As well as forming the basis of the Standard of the heir apparent to the King of Scots, the Duke of Rothesay, (the title currently held by His Royal Highness, The Prince Charles), the Royal Standard of Scotland has since 1603 been a component of what is now styled the Royal Standard of the United Kingdom (both that version used exclusively in Scotland and that used elsewhere). It similarly appears in the Royal Standard of Canada, with the arms of Canada reflecting the royal symbols of England, Scotland, Ireland and France.File:Duke of Rothesay Standard.svg|The Standard of the Duke of Rothesay, viz the Royal Standard of Scotland defaced with a plain label of three points Azure.File:Royal Standard of the United Kingdom in Scotland.svg|The Royal Standard of the United Kingdom used in Scotland, featuring the Royal Standard of Scotland in the first and fourth quarters.File:Royal Standard of the United Kingdom.svg|The Royal Standard of the United Kingdom used outwith Scotland, featuring the Royal Standard of Scotland in the second quarter.File:Royal Standard of Canada.svg|The Royal Standard of Canada, featuring the Royal Standard of Scotland in the second quarter of the first two divisions.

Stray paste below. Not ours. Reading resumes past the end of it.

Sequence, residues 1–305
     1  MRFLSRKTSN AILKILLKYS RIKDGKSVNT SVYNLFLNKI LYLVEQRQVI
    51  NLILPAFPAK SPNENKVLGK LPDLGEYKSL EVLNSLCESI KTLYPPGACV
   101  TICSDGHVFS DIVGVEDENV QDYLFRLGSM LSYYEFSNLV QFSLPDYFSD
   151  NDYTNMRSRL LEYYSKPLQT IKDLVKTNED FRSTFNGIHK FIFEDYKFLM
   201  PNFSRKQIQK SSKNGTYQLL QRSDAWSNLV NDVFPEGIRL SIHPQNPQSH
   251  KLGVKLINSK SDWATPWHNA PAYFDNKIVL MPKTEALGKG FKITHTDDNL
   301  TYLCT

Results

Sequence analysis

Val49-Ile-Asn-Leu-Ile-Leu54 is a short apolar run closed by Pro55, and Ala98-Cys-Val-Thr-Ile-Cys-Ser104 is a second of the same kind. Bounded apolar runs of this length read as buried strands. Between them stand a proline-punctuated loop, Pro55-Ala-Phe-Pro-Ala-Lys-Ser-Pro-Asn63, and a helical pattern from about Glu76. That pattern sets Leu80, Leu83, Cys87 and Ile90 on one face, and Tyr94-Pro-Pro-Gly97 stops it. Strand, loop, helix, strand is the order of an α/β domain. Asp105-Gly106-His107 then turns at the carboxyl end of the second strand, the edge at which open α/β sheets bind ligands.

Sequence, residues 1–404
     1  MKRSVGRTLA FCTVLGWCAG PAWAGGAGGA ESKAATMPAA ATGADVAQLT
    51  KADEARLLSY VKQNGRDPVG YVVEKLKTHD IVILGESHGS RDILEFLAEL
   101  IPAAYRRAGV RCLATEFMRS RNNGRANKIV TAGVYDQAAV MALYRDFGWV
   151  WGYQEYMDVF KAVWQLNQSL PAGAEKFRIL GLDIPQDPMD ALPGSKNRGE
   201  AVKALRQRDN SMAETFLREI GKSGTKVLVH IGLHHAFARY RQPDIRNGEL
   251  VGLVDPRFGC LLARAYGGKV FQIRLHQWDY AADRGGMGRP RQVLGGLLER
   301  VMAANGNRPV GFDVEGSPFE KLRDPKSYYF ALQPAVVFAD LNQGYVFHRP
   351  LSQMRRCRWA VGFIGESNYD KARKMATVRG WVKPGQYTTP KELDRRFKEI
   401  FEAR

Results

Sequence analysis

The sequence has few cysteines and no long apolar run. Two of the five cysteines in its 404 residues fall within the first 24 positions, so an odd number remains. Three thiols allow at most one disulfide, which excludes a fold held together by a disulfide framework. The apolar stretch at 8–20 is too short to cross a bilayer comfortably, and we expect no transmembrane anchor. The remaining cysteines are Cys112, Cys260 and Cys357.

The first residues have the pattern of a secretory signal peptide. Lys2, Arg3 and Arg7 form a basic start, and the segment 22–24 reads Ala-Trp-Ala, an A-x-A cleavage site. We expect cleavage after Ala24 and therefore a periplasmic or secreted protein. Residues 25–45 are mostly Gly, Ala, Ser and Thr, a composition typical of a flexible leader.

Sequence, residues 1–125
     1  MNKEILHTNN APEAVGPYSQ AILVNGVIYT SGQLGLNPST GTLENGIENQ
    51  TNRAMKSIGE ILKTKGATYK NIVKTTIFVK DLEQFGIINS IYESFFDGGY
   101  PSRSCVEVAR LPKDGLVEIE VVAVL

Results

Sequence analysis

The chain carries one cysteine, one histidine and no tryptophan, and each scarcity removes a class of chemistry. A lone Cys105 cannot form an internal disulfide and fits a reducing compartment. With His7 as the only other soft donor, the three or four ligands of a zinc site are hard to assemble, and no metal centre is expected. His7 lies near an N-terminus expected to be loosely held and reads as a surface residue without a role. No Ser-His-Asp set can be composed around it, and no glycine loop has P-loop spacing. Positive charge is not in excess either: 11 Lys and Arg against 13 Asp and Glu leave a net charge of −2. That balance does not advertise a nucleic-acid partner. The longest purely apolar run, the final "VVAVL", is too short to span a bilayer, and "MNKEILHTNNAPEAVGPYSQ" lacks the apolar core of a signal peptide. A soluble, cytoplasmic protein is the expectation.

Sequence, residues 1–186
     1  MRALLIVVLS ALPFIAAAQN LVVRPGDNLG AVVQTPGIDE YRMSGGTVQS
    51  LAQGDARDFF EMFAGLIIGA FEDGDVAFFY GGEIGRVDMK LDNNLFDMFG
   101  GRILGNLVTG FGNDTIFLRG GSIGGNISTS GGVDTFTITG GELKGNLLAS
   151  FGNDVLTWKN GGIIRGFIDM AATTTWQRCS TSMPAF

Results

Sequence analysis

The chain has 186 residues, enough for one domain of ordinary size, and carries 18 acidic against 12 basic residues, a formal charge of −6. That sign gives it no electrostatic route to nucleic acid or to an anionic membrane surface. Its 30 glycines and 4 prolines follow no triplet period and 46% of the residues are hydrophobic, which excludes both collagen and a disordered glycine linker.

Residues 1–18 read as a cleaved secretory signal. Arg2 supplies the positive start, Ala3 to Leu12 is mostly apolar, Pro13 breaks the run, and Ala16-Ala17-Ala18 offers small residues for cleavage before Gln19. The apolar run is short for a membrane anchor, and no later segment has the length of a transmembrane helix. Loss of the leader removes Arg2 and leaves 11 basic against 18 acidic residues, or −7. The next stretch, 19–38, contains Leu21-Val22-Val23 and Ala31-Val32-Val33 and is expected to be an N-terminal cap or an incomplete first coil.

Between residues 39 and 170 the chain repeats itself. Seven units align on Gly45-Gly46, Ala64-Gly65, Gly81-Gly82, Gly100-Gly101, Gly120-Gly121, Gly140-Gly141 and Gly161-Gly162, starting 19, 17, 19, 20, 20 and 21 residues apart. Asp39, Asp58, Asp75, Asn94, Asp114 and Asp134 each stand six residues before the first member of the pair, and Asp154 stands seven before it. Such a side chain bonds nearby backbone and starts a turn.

National Flag of Scotland

In contrast to the Royal Standard, The Saltire, also known as the Cross of Saint Andrew or Saint Andrew's Cross, is the national flag of Scotland. The flag of Scotland's patron saint, Saint Andrew, it consists of a blue field with a white or silver diagonal cross reaching to its edges, blazoned Azure, a saltire Argent. Unlike the Lion Rampant, as a national flag, this is the correct flag for all Scots or Scottish corporate bodies to fly to demonstrate their loyalty and their Scottish nationality.

It is also flown from all Scottish Government buildings every day from 8 am until sunset, except on United Kingdommarker "national days" when the Saltire shall be lowered and replaced with the Union Flag.

See also



References

  1. Sir Thomas Innes of Learney. Scots heraldry: a practical handbook on the historical principles and modern application of the art and science. Clearfield Co; 2nd, Revised & Enl. edition (2000). ISBN 0806304782